The curfew tolls the knell of parting day, The lowing herd wind slowly o'er the lea, The plowman homeward plods his weary way, And leaves the world to darkness and to me.
So, right off the bat we have some vocab to sort out in this poem. The "curfew" is a bell that rings at the end of the day, but a "knell" is a bell that rings when someone dies. So it's like the "parting day" is actually dying. Sounds like a metaphor!
The mooing herd of cows makes its winding way over the meadow ("lea" = "meadows")
And the tired farmer clomps on home.
Now that the cows and the farmer are out of the picture, the speaker gets everything in the world to himself (he has to share it with the growing darkness, but that's not so bad).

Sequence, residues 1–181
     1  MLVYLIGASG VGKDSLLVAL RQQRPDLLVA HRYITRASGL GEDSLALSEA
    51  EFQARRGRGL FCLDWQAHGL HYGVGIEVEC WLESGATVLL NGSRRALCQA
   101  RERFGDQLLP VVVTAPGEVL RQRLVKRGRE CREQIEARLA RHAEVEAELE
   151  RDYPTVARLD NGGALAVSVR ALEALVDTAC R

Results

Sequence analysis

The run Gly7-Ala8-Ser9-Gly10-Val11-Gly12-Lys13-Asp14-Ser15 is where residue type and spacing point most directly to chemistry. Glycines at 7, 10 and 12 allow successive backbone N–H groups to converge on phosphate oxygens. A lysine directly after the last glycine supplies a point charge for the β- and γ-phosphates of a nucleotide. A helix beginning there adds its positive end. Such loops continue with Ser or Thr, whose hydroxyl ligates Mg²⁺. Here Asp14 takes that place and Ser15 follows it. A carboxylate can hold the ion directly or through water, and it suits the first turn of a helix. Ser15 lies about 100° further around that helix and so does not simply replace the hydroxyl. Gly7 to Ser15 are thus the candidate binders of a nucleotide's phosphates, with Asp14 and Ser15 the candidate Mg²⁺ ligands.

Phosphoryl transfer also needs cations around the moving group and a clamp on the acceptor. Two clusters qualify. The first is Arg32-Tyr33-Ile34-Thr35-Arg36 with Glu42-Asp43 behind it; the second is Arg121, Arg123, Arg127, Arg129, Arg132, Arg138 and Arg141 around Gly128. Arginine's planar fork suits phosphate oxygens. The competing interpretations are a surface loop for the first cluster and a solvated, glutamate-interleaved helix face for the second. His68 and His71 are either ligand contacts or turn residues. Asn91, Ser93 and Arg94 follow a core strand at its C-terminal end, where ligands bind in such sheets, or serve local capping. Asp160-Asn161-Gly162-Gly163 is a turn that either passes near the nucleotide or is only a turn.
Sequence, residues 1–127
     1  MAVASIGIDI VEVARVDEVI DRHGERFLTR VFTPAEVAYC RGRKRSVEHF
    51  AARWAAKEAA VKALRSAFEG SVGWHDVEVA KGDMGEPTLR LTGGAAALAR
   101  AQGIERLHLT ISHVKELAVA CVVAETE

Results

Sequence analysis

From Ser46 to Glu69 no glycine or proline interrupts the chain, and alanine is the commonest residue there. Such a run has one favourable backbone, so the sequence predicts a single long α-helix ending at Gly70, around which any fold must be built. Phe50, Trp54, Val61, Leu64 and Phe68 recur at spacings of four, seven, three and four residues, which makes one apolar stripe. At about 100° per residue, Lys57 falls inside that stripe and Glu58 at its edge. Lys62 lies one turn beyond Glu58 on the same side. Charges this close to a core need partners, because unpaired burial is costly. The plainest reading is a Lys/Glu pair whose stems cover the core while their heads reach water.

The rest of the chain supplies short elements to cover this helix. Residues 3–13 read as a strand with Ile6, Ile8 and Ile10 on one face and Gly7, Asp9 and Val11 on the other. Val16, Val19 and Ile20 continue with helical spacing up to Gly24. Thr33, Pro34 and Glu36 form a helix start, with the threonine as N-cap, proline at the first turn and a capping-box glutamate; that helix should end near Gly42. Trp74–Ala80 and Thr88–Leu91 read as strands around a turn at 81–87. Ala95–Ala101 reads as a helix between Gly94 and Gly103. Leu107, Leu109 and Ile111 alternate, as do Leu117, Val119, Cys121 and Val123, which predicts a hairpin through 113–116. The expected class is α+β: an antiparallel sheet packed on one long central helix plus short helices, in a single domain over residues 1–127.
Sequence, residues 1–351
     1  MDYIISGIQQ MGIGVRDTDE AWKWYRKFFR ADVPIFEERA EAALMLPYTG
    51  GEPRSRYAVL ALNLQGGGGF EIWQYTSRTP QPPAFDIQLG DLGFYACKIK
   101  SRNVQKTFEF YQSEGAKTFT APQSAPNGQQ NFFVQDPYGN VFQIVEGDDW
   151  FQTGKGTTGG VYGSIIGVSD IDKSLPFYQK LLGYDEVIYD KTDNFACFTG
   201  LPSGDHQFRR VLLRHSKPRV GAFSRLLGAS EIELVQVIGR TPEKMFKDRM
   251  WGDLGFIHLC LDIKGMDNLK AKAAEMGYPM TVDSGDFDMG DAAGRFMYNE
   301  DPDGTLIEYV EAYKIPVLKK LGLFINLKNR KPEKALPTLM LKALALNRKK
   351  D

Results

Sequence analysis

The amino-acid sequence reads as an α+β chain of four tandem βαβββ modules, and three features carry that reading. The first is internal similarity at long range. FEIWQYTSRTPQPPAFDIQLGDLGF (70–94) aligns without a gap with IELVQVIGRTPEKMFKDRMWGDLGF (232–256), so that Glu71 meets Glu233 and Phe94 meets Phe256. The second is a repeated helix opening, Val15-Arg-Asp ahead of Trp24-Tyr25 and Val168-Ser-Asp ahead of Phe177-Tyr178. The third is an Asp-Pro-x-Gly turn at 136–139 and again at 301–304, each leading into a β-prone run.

Notice that the speaker refers to himself in the first person right away in that first stanza: the parting farmer and cows leave "the world […] to me."
This would be a good time to note that the poet often removes vowels and replaces them with an apostrophe, like "o'er" instead of "over" in the second line.
If you ever notice an odd-looking word with an apostrophe in it, try replacing the apostrophe with a letter to make a familiar word. Gray makes these contractions to make the number of syllables fit the iambic pentameter. While we're talking about form, we'll also point out the rhyme scheme here—it's ABAB. For more on the poem's meter and rhyme scheme, check out the "Form and Meter" section.